Sisters meet for the first time, more than 55 years after being adopted by separate families. Despite living in the same communities at times in their lives, 59-year-old Diane Ward and her sister 56-year old Mary McLaughlin had never met. Diane was put up for adoption when she was an infant and while Mary did know her mother, she also grew up with adoptive parents.
Diane was always curious about her heritage and so she took a DNA test through an online genealogy site and matched with a possible cousin who told her she might have a half-sister. Mary agreed to allow Diane to contact her through the genealogy site, but she was still skeptical, having been told her whole life that she was an only child. But after they video chatted, Mary started to believe they could be related, and then she also did a DNA test, confirming that they are sisters.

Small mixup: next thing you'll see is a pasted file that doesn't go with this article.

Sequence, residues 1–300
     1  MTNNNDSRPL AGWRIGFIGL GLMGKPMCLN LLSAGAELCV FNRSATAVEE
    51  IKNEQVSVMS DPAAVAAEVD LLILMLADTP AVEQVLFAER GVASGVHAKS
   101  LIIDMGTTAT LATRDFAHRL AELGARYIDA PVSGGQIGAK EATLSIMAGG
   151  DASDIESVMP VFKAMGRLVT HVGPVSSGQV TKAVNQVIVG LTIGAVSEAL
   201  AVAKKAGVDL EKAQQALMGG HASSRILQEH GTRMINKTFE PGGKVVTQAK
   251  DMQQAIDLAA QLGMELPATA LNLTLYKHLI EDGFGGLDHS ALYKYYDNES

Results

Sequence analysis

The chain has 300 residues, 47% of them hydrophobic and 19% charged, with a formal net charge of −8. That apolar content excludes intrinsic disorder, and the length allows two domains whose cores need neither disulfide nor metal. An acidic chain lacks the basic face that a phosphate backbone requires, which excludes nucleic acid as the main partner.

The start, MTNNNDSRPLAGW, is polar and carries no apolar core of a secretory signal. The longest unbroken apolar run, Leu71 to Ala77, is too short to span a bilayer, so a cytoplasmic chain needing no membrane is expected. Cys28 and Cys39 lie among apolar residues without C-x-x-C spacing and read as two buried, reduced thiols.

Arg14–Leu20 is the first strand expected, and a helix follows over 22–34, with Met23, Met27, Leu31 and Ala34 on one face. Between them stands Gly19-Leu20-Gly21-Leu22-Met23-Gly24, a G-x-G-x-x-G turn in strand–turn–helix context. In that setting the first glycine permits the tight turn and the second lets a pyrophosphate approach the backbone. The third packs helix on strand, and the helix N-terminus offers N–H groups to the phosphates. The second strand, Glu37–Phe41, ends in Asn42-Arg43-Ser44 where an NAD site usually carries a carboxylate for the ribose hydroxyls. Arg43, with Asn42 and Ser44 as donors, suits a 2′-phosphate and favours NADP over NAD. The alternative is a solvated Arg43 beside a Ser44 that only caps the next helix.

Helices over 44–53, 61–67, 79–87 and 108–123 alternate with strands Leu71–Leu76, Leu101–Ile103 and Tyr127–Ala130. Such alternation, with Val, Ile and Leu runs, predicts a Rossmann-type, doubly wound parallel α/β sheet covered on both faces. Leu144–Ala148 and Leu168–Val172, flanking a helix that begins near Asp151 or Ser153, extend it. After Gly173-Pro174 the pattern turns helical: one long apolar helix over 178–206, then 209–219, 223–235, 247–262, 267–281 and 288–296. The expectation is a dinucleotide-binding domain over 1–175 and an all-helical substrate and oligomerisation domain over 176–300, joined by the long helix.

The two of them really hit it off, spending hours video chatting. Mary said even if they hadn’t turned out to be sisters, they would have likely continued to be friends because they got along so well. After a few months of chatting online, the sisters got to finally meet in person. Diane lives in the UK with her British husband, and they and their adult children traveled to North Carolina, where they were met by Mary. The sisters spent a week together enjoying each other’s company, and although they wish they could have known one another sooner, they have each other now. "As we enter the second half of our lives," Mary says, "now we get to do it together. And it's going to be beautiful."